“Love wins” shouted long and loud
Means whatever the crowd wants to do.

But love will forever win,
And so hell opens its beak,
As you as a crowd march in,
And the earth is received by the meek.

Pink Calico

For Anne Gertrude Sneller, who told this Civil War era story of her Aunt Elvie (much more concisely), in her book 1964 book, ‘A Vanished World.’

How she afforded it no one could think!
Fold upon fold of calico pink!

A beautiful bolt, not grey, black, or brown
But coral pink calico, bought in the town.

In the days of the war cotton put on fine airs,
And hand-me-down dresses were all we could wear,

But one day our mother came back to the farm
With rosy pink calico under her arm.

‘Elvie and Sarah need dresses’ she said
And before us the calico fabric she spread.

And Elvie and I had never seen such
Glorious pink, it was almost too much!

And I saw in her eyes Elvie’s heart rise to heaven,
With the wonder-filled joy of a girl just turned seven,

As with love overflowing she stood gazing upon
The calico fabric as pink as the dawn.

‘Now, girls’ said our mother ‘it’s time supper was laid’
Then safe from the sun till the dresses should be made,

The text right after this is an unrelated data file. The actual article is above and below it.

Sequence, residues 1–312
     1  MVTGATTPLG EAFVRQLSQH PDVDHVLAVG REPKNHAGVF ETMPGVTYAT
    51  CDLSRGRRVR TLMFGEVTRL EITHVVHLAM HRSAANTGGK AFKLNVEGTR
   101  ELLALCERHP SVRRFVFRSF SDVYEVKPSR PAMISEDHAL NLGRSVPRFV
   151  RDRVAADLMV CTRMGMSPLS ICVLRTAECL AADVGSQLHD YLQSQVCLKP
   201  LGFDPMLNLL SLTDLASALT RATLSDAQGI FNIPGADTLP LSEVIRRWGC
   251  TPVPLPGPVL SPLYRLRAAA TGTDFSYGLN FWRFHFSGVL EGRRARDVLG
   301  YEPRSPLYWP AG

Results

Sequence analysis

She put up the cloth in the closet to stay,
But we thought on it all of the rest of the day.

Carrying candles together we went up to bed
But eyes closed or open Elvie saw in her head

That glorious fabric brought home from the store,
And she felt that she had to just see it once more.

In the parlour our mother and father were sitting,
Father read by the fire, mother worked at her knitting;

Not a sound could be heard but the needles’ soft click
And the turn of the page and the clock’s steady tick,

When all of a sudden a scream tore the air,
Then scream after scream — father leapt from his chair

And mother in haste cast her work on the floor,
And they ran to the cries — to the closed closet door!

Throwing open the door they found Elvie inside,
Clutching her candle as in terror she cried,

For before her was lying, with flames rising higher,
The sunrise pink calico blazing on fire.

Father beat out the fire, mother took in her arm
The terrified girl, and she came to no harm,

Still she cried from her fright and for the calico too,
For the folded pink fabric was burnt through and through.

Then mother said ‘Hush,  you are safe, do not sorrow,
And I’ll look at the calico fabric tomorrow.’
But how she could manage it we could not think!
Work with those cinders of calico pink?

But she worked all next day and well into the night,
Piecing together the calico bright,

Cutting and measuring, matching the grain —
And on the table by morning two dresses were lain — 

And Elvie and I had never seen such
Beautiful dresses, it was almost too much!

Beauty for ashes was no fairy story,